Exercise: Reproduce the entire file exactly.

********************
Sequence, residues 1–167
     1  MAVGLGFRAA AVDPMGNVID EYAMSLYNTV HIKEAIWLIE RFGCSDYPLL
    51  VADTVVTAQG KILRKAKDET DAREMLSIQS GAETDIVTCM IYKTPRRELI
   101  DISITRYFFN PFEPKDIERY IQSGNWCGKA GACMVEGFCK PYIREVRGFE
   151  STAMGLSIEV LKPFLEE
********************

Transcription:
Sequence, residues 1–167
     1  MAVGLGFRAA AVDPMGNVID EYAMSLYNTV HIKEAIWLIE RFGCSDYPLL
    51  VADTVVTAQG KILRKAKDET DAREMLSIQS GAETDIVTCM IYKTPRRELI
   101  DISITRYFFN PFEPKDIERY IQSGNWCGKA GACMVEGFCK PYIREVRGFE
   151  STAMGLSIEV LKPFLEE